"The Mindful Path Through Shyness" addressed some of the issues; now, in a new book co-authored with Bob Stahl (who founded mindfulness stress-reduction programs at several Bay Area medical centers), he offers a more comprehensive Buddhist approach to "Living With Your Heart Wide Open" ($16.95 in paperback from New Harbinger Publications; also in Amazon Kindle, Barnes and Noble Nook, and Google e-Book formats).

Flowers will be speaking about the way of "radical acceptance" at a presentation and book signing this Tuesday at 7:00 p.m. at Lyon Books in Chico.

The book's subtitle is "How Mindfulness and Compassion Can Free You From Unworthiness, Inadequacy and Shame." The authors begin with "key concepts from both Western and Buddhist psychology" in examining suffering. "The modern psychologies of the West," they write, "have developed interventions to repair problems with the self, using techniques such as investigating how we think and learning skills to change dysfunctional thinking. Buddhist psychology also acknowledges that thoughts create suffering, but rather than working to change thoughts, this approach considers the act of witnessing thoughts without getting caught up in them to be an effective way to dispel their power."

Slowly, carefully, through stories of those helped by meditation, and by meditation exercises, the authors take the reader into a deeper understanding of what it means to make peace with oneself and with others. The ego is not necessarily bad; "a healthy ego" is needed "to get free of the delusions your ego spins." But the Buddhist perspective is that the ego is not permanent, is not really "us." We don't have a self to "fix." Acceptance of that idea is tantamount to "awakening" to loving-kindness, "self-compassion."

"Mindfulness meditation," the authors say, "is an investigative practice. You enter a space of awareness in which you can witness and examine the thoughts and emotions from which you fabricate a sense of self." There is no judgment; only freedom to practice "wisdom, virtue, and concentration," and, like the velveteen rabbit, to become "real."

Sunday, August 07, 2011

Chico writer on ethical government contracting


The rancorous debate over the Federal debt ceiling reminds us afresh that decisions made in Washington often have profound effects on Main Street. That includes billions of dollars paid to private companies by government entities contracting for needed goods and services. With so much money changing hands, the temptation to "nefarious, amateurish, and criminal behavior" is ever present. William Sims Curry, a Chico-based government contract consultant (, addresses the issue head on.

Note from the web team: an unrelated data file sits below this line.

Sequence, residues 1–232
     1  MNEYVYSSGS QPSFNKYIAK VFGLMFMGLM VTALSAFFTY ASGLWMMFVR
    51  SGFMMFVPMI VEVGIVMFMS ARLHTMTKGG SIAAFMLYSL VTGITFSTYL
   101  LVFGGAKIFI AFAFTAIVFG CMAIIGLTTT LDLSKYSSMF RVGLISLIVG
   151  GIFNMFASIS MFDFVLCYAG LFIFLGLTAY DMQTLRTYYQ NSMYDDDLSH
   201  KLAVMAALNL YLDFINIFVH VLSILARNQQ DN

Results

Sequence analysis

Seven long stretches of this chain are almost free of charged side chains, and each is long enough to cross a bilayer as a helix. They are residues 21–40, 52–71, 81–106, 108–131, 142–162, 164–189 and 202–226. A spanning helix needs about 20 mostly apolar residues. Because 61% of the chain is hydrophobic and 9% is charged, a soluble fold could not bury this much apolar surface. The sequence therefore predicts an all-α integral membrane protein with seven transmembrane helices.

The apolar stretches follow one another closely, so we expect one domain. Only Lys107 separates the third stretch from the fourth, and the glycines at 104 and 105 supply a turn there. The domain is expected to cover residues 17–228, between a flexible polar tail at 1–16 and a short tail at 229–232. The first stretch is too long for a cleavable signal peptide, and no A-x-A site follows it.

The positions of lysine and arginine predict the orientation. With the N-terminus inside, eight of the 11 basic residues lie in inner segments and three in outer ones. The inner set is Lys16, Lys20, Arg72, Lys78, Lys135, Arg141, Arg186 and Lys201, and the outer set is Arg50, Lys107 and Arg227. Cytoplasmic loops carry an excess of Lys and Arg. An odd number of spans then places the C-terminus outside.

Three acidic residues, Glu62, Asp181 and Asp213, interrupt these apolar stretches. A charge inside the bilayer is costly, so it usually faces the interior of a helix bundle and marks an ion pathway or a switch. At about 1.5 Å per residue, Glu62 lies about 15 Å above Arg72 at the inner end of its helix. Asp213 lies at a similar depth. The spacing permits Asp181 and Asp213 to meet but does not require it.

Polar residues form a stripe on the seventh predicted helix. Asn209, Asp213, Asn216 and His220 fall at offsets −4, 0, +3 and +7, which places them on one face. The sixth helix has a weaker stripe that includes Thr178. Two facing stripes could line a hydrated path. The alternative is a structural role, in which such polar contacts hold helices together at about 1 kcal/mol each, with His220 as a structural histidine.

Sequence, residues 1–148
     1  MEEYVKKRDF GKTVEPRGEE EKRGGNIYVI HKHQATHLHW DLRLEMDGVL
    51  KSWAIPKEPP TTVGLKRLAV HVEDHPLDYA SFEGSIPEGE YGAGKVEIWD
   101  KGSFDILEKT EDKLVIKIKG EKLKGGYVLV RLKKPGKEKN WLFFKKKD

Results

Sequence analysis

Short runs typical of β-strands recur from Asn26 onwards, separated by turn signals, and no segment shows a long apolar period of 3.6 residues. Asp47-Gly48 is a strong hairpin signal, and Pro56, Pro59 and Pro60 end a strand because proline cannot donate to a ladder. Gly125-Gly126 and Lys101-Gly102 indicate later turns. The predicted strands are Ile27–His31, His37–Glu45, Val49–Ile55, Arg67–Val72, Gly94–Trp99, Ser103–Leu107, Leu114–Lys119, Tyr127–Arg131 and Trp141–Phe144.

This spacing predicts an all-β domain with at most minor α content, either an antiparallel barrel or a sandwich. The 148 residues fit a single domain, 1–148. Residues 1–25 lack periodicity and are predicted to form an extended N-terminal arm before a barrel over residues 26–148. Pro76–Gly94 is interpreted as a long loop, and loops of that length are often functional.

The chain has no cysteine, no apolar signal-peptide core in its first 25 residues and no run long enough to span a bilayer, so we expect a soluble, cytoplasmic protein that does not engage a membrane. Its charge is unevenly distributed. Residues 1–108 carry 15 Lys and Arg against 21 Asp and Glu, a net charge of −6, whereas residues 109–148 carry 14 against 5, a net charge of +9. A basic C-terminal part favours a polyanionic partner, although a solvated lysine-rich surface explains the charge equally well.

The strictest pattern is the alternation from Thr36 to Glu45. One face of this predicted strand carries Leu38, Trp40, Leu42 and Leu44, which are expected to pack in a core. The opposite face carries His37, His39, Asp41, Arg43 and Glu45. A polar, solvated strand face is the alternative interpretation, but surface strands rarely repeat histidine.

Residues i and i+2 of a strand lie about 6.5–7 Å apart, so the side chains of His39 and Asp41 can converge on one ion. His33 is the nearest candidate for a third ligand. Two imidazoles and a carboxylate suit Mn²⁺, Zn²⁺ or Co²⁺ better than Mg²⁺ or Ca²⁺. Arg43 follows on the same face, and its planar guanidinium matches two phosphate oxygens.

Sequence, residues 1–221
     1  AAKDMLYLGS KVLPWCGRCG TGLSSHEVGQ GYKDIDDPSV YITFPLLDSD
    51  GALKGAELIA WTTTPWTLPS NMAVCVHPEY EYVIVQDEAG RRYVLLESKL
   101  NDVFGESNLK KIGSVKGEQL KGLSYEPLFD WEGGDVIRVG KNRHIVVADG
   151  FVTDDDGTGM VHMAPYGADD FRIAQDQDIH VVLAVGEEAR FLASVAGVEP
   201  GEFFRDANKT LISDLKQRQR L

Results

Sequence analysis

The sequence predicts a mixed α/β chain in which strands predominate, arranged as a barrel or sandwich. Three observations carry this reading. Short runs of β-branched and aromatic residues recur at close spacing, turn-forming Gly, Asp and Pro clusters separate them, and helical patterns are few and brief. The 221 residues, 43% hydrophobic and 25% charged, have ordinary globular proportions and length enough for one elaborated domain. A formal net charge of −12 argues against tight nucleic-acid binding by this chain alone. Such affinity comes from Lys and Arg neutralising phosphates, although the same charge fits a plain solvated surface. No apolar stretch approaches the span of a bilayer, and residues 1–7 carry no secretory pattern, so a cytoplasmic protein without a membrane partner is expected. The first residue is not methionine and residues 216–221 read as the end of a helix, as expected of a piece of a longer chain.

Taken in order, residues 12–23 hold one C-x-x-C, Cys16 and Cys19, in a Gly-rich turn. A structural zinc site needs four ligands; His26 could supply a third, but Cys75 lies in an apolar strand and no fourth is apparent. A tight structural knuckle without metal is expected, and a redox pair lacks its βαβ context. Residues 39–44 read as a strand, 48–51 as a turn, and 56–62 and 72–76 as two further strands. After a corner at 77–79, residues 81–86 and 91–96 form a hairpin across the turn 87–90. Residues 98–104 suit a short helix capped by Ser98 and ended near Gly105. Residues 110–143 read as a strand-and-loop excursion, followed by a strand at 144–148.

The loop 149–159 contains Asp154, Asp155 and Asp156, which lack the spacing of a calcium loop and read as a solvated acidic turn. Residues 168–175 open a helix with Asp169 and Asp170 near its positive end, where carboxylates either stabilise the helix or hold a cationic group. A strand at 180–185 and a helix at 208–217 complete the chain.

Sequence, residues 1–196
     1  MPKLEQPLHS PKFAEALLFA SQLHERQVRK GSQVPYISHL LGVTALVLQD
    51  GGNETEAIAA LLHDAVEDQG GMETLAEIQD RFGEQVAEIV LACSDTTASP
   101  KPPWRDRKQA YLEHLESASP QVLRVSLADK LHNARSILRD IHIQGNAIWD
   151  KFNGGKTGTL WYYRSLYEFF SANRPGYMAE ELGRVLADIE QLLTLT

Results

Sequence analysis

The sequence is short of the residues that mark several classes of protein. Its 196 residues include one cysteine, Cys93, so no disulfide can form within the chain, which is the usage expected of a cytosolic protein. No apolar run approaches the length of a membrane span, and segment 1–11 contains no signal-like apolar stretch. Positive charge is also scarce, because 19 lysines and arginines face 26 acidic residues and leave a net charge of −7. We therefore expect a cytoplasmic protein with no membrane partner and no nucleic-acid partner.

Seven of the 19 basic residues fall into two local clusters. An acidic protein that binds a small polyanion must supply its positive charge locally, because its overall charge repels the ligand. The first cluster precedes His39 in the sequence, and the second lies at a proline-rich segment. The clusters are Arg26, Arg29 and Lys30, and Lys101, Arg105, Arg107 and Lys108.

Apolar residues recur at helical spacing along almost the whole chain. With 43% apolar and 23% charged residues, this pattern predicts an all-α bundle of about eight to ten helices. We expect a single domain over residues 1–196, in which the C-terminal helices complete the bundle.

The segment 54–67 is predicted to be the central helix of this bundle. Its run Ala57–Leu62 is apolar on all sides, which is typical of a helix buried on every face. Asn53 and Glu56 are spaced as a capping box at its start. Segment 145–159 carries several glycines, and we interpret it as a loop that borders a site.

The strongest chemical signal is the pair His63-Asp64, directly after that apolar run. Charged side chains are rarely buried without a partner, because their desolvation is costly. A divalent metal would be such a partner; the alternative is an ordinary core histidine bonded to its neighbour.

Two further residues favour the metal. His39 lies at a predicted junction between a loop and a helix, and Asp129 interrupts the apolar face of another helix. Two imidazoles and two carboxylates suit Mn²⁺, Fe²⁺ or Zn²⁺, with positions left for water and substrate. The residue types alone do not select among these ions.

"Government Contracting: Promises and Perils" ($69.95 in hardcover from CRC Press) provides "best practices" for those doing business with the government. Written "primarily from the government perspective," the book "includes recommendations for actions for contractors to avoid government sanctions, corporate fines, seizure of employee assets, and suspension or debarment of contractors." Though careful to praise the vast majority of contractors (and government officials), Curry focuses on negative examples where the process has gone off the rails, including Boeing scandals and the FEMA response to hurricane Katrina.

The book is technical in nature, dealing with contract processes; decisions about "sole source" or competitive bids; social objectives through contracting; proposal solicitation, evaluation, administration and auditing; and contracting during emergencies. A CD is included with the book presenting many of the forms and other document referred to in the text. But the lay reader may find the discussion fascinating, especially in contemplating the "government procurement corruption wall of shame," which includes bribery, abuse of power, contract fraud, ineptitude, partiality, poor planning, larceny, and more.

For Curry, the key to honesty in the contracting process is having a transparent process to begin with. It's not as easy as one might think. For example, if several contractors bid on a project, one company might have better management and past performance, but another might have better technical competence and be cheaper. Unless the criteria can be boiled down into a single number, it's likely losing contractors will file protests.

Curry notes that emergencies often lead to single source contracting, but that's often a mistake. "Obtaining competitive proposals or bids does not necessarily slow the contracting process because a solicitation can be sent concurrently to multiple prospective contractors." Though the company selected may not be the least expensive, competitive pressures may lower overall bids. Something to remember when the envelopes are opened.